Life is hard, and from the beginning of the film we know one of their sons is dead at the age of 19, a tragedy for both parents and brothers. But more so, a question of existence and acceptance arises for all the family to accomplish grief and to forgive the way of life or the way of God. The elder brother after many years passed  still holds on grief reflecting on the past and the way his father treat them, the anger he felt when he was little, how he wanted to be more as his mother, as was the brother who died. He knows in his heart that it was preferable if it was him to die, people will miss him less, and he blames himself for it.
So, the film is about the journey, the lost moments, the prospects, the battle between grace and life, the battle between forgiveness and resentment, between anger and peace. It has so much we have or will dealt in past/future... because life is a tree, branching, even when it's cut, searching for new life, for new space to be alive and nurtured by grace.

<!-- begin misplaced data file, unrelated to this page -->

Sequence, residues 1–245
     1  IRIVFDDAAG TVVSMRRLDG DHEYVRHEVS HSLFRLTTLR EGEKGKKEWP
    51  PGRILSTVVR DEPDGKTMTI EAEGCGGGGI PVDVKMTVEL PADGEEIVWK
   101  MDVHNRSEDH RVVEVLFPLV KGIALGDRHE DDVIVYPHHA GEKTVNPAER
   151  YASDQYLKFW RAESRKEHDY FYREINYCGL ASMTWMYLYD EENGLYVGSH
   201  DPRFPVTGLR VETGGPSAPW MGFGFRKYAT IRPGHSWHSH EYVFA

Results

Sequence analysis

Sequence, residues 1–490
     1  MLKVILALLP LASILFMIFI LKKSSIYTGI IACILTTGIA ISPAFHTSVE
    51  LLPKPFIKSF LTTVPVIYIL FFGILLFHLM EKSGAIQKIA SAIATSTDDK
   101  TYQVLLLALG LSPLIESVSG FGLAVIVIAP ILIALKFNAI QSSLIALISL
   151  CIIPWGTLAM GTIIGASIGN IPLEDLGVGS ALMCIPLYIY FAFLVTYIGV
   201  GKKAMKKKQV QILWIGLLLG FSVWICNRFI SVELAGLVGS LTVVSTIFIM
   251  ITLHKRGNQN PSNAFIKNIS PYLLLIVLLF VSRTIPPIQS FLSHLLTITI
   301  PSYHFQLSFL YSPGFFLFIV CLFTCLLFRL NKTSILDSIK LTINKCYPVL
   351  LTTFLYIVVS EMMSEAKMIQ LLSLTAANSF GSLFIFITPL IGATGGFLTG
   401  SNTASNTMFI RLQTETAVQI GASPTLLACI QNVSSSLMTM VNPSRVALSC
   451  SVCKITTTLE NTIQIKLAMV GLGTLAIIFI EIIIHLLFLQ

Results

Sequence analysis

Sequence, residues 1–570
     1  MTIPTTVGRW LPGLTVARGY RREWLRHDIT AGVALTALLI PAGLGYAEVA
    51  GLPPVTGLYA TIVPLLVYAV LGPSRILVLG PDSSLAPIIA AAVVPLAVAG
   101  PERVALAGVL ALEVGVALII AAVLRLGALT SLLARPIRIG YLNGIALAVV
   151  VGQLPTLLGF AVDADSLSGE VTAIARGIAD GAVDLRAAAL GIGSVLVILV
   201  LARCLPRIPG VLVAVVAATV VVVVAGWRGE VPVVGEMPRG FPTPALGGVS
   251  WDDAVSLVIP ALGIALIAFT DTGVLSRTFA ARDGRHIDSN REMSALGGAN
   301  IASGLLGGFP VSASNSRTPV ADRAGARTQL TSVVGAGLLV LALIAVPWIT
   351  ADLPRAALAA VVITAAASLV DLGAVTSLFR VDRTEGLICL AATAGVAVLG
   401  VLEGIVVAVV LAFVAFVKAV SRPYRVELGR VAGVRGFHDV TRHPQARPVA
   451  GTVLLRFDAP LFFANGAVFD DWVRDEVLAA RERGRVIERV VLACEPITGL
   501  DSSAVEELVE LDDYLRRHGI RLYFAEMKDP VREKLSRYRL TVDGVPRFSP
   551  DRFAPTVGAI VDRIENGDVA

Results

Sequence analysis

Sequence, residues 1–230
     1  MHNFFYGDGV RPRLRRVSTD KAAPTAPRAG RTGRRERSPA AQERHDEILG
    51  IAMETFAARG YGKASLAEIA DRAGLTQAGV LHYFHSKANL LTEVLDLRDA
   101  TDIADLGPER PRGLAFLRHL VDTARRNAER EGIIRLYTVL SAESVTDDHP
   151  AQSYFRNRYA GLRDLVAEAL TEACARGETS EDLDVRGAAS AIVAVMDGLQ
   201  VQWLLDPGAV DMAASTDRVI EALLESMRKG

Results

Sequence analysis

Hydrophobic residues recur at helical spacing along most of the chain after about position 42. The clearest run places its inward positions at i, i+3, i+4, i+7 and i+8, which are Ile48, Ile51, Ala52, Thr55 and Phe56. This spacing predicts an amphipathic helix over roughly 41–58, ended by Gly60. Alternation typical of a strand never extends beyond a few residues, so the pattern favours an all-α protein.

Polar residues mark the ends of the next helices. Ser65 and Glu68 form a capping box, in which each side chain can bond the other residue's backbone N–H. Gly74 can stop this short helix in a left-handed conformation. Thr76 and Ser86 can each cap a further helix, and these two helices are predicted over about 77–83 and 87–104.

Malick made a terrific job, the actors are mere images of a whole picture bigger than life.

"The Eagle" by Kevin Macdonald

Kevin MacDonald, well known for "The Last King of Scotland", brought us an historic film about the loss of the ninth legion and with so their banner and the honour of Rome.
For the archives, the ninth eagle was lost by the father of Marcus Aquila (Channing Tatum), and for that reason son seeks to clean his father name by employing a journey to rescue the eagle, even if he does not know where it is, perhaps at north very north of Adrian's wall.The journey is only possible with the help of his Briton slave Esca (Jamie Bell, very good in his role) who knows the terrain and the language of the people behind the wall namely the Picts, which are very nicely portrayed in terms of make-up and wardrobe.
The scenes of battle are very quick so I don't know if they look very convincing but the scenery (landscapes, mountains and rivers), and the companionship between the two is admirable. More so doing a film without a love triangle. Friendship though in opposite sides appears, and honour, bravery and camaraderie is the unit of the film. Two strangers bound to the same faith. Beautiful though not very thrilling.